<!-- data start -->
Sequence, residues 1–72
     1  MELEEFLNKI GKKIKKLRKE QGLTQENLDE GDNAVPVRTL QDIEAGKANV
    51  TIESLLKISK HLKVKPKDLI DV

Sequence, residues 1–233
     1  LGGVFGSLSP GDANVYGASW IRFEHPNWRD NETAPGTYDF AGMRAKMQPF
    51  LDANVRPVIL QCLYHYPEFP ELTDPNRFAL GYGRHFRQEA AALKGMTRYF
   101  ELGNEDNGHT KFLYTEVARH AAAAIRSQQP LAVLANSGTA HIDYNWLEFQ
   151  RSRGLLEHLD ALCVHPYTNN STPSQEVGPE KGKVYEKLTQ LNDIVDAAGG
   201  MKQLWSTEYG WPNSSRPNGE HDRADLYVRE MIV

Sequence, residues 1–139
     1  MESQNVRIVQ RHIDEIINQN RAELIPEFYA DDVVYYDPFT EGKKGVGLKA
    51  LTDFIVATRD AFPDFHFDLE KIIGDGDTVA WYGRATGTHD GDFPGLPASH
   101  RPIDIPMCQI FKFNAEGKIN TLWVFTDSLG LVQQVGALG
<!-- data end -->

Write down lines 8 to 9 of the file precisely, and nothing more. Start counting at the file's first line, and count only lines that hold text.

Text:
   151  RSRGLLEHLD ALCVHPYTNN STPSQEVGPE KGKVYEKLTQ LNDIVDAAGG
   201  MKQLWSTEYG WPNSSRPNGE HDRADLYVRE MIV